Apology for U.S.-Iraqi dealings would say a lot

In response to the numerous accounts by U.S. troops in Iraq regarding the reconstruction work, I thank them for remaining positive about the situation. However, their positivism has blinded them to the hidden issue of justice in Iraq.

As is widely known, the United States supported Saddam Hussein during some of his most murderous years by providing him funding and arms – including weapons of mass destruction technology. This active support in the face of Saddam’s obvious genocidal tendencies served as nothing less than expressed approval and encouragement by the U.S. government for Saddam’s actions. In short, the United States was complicit in Saddam’s brutality. For the United States to thereby accuse Saddam of crimes against humanity 15 years later is hypocritical. Therefore, for the sake of justice, it is of the utmost importance that Saddam and his government, as well as certain officials in past U.S. administrations, account for their actions during that sad time in Iraqi history.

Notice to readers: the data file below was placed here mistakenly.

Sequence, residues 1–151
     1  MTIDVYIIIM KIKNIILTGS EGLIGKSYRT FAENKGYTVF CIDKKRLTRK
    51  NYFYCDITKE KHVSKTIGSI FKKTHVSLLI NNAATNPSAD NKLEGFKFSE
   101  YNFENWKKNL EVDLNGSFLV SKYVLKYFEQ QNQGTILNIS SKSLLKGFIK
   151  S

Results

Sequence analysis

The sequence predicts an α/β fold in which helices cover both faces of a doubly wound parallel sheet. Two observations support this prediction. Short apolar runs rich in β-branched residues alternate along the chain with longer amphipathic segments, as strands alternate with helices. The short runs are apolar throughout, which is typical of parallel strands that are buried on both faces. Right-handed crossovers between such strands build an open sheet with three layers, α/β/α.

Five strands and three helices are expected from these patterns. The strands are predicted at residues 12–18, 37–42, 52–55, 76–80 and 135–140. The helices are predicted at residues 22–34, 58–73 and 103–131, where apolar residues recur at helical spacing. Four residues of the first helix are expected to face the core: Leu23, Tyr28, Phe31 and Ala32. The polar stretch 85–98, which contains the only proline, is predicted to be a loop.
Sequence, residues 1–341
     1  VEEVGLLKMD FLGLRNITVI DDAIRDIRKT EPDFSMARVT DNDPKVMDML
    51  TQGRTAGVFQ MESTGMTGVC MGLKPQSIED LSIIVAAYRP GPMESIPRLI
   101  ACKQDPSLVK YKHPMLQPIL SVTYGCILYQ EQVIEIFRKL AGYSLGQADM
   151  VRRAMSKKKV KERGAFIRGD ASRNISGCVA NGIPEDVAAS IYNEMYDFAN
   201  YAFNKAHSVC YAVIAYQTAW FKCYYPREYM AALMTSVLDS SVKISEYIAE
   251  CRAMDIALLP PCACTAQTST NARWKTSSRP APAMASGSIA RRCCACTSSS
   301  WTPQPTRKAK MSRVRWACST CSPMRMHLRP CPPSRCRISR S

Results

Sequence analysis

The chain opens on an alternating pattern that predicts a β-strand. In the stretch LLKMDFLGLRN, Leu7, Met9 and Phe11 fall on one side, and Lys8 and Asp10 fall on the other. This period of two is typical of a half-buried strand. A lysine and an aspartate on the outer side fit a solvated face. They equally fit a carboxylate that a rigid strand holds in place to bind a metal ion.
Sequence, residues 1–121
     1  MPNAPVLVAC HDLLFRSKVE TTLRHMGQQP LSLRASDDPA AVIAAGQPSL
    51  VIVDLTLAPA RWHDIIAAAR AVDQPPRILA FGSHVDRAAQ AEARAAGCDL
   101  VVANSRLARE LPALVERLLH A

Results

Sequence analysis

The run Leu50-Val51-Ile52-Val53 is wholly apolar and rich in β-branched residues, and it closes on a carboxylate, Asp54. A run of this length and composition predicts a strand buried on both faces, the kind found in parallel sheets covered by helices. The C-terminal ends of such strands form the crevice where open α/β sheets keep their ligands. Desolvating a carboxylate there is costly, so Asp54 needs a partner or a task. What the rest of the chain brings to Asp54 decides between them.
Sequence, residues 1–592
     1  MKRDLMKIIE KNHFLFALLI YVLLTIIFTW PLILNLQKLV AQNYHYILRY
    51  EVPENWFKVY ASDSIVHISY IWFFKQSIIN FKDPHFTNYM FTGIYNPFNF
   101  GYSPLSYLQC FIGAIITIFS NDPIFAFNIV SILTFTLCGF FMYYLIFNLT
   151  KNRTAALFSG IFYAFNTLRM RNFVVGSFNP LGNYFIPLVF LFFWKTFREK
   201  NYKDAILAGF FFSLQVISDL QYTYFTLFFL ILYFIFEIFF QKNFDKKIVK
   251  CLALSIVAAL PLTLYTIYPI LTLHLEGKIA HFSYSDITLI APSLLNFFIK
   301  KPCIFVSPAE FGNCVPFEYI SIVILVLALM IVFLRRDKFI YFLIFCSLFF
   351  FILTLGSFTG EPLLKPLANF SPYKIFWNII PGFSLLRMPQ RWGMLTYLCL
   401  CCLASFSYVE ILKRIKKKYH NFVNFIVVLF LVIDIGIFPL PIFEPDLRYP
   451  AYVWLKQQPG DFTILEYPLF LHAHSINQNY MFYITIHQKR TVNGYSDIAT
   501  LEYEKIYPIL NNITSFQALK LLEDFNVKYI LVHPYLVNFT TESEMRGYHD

Many Americans I speak with seem to disregard the relevance of U.S. involvement in Iraq with statements such as, “That was in the past … so what?” The reality is, the past does matter. Sept. 11, 2001, is in the past, yet the U.S. military is in Afghanistan attempting to bring the perpetrators to justice. Domestically, many people are convicted now of murders they committed years ago. So to say U.S. involvement in Iraq is irrelevant because it was in the past is utterly ridiculous – injustice does not fade with time.

Since most people in this world only account for their successes, Americans have been too busy patting themselves on their backs and demanding thanks from the world for “liberating” Iraq to understand they have not done the world a favor; rather, they have repaid part of a debt they owe the Iraqi people.

Saddam and his accomplices have been captured and will be tried. For this I am thankful. I am not such a fool as to believe the United States will one day try its own officials who were Saddam’s former allies, but I do believe the Iraqi people would be pleased to at least hear the U.S. government offer a formal apology.

Having lived almost my entire life in the Middle East, I can say with confidence that the mighty United States making an unforced apology in good faith would go further in terms of mending relations with the region and giving the Iraqi people justice than any forced message of democracy.

Shez Cassim is a political science major
second year